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Interview with Representative Jim Jordan; Trump and Macron Head to Presidential Palace in Paris; Aired 10:30-11a ET
Aired July 13, 2017 - 10:30 ET
THIS IS A RUSH TRANSCRIPT. THIS COPY MAY NOT BE IN ITS FINAL FORM AND MAY BE UPDATED.
[10:30:00] REP. JIM JORDAN (R-OH), FREEDOM CAUCUS MEMBER: Maybe we will learn something. Maybe I'll be proven wrong. But we'll learn. I'd like to at least have them come in and ask questions, answer our questions because there's the piece in "Forbes" talks about some of the methodology used. I think it's suspect.
HARLOW: All right. Congressman, how do you help these folks? Politics aside, you know, we know $45 billion more it looks like is going to be in this Senate version for opioid addiction and recovery. Is that enough? I mean, how are you going help the people in your community that are reeling right now?
JORDAN: Resources can certainly be part of the solution. But I think a lot of it, too, is families, churches, communities coming together, the right kind of counseling, the right kind of support system. I mean, that is probably more important than just financial resources.
All of that together is how you help them. And we need to make sure we can do all we can. But let's keep it all in context.
HARLOW: Congressman Jim Jordan, appreciate you sticking around.
JORDAN: You bet. Thank you.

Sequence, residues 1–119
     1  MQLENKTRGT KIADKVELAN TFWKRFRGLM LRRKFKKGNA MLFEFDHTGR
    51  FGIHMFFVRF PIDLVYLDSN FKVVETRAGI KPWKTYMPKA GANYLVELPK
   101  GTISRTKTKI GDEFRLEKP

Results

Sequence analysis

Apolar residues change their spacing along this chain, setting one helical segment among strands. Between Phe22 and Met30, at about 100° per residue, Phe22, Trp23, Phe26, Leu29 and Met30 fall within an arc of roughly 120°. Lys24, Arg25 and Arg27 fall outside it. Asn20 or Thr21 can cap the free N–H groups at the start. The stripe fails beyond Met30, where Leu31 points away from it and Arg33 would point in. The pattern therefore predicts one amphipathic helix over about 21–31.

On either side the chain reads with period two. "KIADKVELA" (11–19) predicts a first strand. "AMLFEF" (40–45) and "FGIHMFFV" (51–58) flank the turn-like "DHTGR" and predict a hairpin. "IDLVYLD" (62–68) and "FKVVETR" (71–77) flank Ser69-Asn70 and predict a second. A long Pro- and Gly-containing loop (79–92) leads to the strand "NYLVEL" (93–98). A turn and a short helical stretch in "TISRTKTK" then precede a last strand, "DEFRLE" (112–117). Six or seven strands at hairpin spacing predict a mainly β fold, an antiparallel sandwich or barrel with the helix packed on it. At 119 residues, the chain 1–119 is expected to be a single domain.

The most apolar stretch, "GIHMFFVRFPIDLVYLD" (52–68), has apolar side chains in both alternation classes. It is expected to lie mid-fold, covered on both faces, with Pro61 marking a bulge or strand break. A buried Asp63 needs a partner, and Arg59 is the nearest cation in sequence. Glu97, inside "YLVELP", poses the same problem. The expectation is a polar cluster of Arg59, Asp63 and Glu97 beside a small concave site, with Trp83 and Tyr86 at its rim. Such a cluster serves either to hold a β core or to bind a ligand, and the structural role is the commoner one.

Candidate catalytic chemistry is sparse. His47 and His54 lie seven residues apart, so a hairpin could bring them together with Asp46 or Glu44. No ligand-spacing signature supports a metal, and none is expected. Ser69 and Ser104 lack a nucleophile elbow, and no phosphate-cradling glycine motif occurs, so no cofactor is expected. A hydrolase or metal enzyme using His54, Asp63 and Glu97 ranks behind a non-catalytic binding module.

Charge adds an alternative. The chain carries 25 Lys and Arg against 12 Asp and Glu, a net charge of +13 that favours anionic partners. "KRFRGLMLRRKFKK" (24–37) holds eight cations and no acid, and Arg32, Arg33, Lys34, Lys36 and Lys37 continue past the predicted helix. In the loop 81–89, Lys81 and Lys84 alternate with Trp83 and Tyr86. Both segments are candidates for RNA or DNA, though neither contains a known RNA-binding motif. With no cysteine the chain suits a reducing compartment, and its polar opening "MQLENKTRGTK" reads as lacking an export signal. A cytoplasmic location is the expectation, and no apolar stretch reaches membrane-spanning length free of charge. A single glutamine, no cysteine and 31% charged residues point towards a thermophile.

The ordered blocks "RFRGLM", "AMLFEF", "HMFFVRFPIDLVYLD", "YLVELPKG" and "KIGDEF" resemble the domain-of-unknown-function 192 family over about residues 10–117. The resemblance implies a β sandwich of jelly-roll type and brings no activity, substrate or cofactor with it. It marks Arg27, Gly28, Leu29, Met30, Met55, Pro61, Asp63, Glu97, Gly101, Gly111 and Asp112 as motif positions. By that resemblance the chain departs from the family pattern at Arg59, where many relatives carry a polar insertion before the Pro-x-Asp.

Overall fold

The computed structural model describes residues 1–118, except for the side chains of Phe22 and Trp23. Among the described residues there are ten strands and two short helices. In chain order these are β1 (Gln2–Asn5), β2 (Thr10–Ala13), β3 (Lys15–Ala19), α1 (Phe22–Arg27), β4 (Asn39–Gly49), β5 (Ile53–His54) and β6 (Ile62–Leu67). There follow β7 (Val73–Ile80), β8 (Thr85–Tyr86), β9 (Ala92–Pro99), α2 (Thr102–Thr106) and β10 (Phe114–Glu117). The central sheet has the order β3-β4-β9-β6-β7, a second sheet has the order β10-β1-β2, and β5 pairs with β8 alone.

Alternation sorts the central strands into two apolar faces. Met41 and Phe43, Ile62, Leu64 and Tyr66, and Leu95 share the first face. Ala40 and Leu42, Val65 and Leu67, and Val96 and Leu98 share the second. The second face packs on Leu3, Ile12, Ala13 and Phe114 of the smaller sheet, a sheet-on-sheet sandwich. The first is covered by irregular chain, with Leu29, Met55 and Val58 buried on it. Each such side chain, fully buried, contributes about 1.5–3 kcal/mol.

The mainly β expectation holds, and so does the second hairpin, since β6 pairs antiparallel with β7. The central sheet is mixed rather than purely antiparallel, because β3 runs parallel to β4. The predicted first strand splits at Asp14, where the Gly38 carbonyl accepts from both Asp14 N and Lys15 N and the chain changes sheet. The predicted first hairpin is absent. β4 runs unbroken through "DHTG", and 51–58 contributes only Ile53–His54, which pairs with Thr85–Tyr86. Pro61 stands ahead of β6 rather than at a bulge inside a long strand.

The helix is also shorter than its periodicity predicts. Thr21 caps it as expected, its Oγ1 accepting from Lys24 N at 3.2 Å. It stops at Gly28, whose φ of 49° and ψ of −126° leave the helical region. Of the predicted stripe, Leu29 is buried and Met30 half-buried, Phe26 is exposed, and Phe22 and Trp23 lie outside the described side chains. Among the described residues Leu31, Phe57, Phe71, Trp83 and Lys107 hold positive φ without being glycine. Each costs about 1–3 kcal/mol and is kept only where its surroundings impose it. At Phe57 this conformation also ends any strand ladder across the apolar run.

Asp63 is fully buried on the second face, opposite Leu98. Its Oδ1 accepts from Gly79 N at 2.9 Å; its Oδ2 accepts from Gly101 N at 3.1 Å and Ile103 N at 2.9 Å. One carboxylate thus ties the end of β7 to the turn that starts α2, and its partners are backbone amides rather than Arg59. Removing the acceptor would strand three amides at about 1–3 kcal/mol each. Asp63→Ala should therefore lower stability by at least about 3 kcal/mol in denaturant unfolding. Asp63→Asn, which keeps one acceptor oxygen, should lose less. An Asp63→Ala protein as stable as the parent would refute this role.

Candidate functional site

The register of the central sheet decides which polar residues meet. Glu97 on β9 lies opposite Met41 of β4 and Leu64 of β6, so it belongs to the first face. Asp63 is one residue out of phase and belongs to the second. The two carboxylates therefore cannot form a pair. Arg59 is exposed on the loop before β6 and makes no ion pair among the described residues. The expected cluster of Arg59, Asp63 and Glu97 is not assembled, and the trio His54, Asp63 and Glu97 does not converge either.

HARLOW: Thank you for the time.
We'll be right back.
[10:35:02] HARLOW: All right. You are looking at live pictures right now. President Trump and President Emmanuel Macron of France. They are at Les Invalides that they have just toured Napoleon's tomb, along with the first ladies. Now they are back outside, just the two of them.
This, as they head to Elysee Palace a little bit later today before for that press conference. It is scheduled for noon Eastern Time. And then the four of them will dine together tonight in the Eiffel Tower.
Let's go to our White House reporter, Sara Murray.
If only, Sara, there were a microphone right there.
SARA MURRAY, CNN POLITICS CORRESPONDENT: If only there were a microphone. Right? So we are now awaiting their arrival. This should be the next stop for President Trump and President Macron. We should be able to see them arrive here and then they'll of course have their bilateral meetings.
The main topic are expected to be Syria and counterterrorism. But you never know. President Trump has the tendency to talk about whatever he feels like and we know Emmanuel Macron has strong feelings about the U.S.'s decision to withdraw from the Paris Climate Accord So those are certainly things that could come up. And then, then come the questions from the press. It will be another two-and-two. Two questions from the American press, two questions from the French press.
And you can bet that someone is going to get in a question to President Trump about his son's meeting with this Russian lawyer that came about with a string of e-mails that suggested that the Russian government was out to help President Trump. It's all written down there in black and white and Donald Trump Jr. took the meeting anyway.
Now President Trump has given a couple of interviews, given his thoughts on it essentially said he doesn't really blame his son, anyone would take that meeting. They were drinking from a fire hose at that stage in the campaign.